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5 Facts About Casablanca

May 19, 2011

Casablanca is one of the all-time great movies (even if you’ve never seen it, just take my word for it, it is). It won the 1943 Oscar for Best Picture, contains some of the most memorable lines in film history (“We’ll always have Paris,” “Here’s looking at you, kid”), and features the classic song “As Time Goes By,” a song that most people recognize even if they’ve never seen the film.

Here are some other facts about Casablanca you might not know.

#1 Six (yes, six!) writers had a hand in writing the film. It was based on an unproduced play, “Everybody Comes to Rick’s,” written by Murray Bennett and Joan Allison. When Warner Brothers bought the rights to the play, screenwriters (and twin brothers) Julius Epstein and Philip Epstein were brought on to adapt it. Another screenwriter, Howard Koch, was later brought on, and a fourth screenwriter, Casey Robinson, did several weeks of rewrites but wasn’t credited. So suffice it to say there were a lot of cooks in the Casablanca story kitchen. (A point Robert McKee should highlight every time he cites it as the greatest screenplay ever written. It would give a lot of aspiring screenwriters hope.)

#2: One of the movie’s most memorable lines, in fact the movie’s very last line—“Louis, I think this is the beginning of a beautiful friendship”—wasn’t written by any of the screenwriters who worked on the film, but by the film’s producer, Hal Wallis. What’s more, Wallis came up with the line after they’d already finished shooting. They had to bring Humphrey Bogart back into the studio a month after shooting to dub the line.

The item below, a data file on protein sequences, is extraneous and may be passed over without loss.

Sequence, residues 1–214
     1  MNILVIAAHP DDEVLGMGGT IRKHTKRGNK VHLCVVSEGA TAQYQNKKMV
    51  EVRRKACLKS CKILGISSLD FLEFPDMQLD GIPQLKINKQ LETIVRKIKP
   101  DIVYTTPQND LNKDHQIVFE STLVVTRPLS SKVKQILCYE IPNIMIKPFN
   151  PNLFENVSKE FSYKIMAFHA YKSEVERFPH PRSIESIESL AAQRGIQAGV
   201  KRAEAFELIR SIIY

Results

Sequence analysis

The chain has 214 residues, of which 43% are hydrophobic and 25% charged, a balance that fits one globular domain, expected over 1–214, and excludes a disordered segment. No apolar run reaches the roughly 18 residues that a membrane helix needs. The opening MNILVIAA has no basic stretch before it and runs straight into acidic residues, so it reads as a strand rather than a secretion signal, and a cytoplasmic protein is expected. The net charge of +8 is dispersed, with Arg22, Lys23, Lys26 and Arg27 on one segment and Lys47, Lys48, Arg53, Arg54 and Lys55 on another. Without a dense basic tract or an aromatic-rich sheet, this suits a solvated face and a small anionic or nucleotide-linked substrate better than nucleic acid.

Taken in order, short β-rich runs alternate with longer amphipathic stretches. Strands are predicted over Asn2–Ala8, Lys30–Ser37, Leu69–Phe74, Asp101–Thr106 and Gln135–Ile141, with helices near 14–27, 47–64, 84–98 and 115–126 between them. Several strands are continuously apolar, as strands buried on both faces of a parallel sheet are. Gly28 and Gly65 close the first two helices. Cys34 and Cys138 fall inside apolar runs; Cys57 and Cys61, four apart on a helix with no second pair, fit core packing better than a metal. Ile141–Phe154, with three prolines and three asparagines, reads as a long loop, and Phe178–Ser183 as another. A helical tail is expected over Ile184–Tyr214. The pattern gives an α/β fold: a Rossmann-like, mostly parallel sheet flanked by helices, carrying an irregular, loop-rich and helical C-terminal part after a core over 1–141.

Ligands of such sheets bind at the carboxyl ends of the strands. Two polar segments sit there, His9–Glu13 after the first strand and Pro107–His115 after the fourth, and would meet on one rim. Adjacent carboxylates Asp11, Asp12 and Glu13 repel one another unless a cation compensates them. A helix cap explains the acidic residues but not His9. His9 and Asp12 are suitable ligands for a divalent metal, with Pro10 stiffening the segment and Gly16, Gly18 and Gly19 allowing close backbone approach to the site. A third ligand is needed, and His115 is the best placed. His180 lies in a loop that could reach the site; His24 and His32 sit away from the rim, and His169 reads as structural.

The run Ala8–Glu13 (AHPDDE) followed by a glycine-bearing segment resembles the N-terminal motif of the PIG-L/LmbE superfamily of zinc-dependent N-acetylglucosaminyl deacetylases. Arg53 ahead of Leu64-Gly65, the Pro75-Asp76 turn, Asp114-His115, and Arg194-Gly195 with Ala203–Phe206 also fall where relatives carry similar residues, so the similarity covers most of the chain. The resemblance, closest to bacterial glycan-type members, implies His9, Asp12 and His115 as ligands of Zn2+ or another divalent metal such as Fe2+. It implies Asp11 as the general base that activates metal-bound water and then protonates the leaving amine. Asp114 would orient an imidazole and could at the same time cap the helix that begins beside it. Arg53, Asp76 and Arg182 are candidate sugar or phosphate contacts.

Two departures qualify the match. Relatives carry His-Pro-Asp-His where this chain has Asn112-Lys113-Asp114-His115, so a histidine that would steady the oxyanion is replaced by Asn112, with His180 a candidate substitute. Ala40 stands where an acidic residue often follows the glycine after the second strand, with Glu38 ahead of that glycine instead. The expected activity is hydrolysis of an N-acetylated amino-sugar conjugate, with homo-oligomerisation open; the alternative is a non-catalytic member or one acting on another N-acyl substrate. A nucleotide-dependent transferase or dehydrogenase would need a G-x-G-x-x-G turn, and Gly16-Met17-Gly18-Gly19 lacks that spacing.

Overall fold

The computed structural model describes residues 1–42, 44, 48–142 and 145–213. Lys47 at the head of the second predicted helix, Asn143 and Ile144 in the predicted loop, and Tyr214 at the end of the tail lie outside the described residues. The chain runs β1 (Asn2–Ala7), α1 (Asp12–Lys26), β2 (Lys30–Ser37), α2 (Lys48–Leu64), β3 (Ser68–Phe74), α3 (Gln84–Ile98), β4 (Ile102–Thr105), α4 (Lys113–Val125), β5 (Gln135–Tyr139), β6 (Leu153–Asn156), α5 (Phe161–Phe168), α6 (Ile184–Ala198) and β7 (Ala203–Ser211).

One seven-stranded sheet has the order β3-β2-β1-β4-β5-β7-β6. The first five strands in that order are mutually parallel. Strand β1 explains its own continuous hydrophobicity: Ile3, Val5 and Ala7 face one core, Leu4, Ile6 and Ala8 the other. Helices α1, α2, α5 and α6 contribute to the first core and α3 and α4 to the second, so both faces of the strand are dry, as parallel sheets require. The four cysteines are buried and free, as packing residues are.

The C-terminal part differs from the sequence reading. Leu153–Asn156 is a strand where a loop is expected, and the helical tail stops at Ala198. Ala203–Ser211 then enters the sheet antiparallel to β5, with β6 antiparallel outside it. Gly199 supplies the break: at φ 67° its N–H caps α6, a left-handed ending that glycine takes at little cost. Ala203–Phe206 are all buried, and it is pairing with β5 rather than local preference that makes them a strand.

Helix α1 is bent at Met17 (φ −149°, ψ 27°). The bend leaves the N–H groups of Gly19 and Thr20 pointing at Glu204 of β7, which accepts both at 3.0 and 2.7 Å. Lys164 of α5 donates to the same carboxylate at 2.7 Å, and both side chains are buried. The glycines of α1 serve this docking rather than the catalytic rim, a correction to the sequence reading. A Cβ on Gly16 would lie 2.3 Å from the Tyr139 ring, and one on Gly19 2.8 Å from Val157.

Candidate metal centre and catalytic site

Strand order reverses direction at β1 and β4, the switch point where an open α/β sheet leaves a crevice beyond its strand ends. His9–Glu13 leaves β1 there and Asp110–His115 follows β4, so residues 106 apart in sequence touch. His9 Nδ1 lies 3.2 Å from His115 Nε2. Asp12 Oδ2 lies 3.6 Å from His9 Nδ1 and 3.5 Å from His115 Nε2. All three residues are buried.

#3 One of the movie’s most famous lines—“Play it again, Sam”—actually isn’t in the movie. Bogart’s character never speaks those exact words; he just tells Sam to “play it.” Funny how our collective memory works (or fails to). Perhaps Woody Allen is partly to blame for this.

#4 Ingrid Bergman was two inches taller than Bogart—so Bogie was forced to stand on blocks or sit on cushions during their scenes together, so he didn’t appear too short.

#5: The song that the German SS soldiers sing in the movie’s famous anthem standoff scene, “Die Wacht am Rhein” (Watch on the Rhine), happens to be the same melody as “Bright College Years,” the unofficial anthem of Yale University (my alma mater). Needless to say, I was a little horrified when I first made the connection.

Of course, if none of these facts mean anything to you because you’ve never seen Casablanca…I’d seriously suggest you rectify that situation. Otherwise we probably can’t be friends.

Till then, here’s looking at you, kid.

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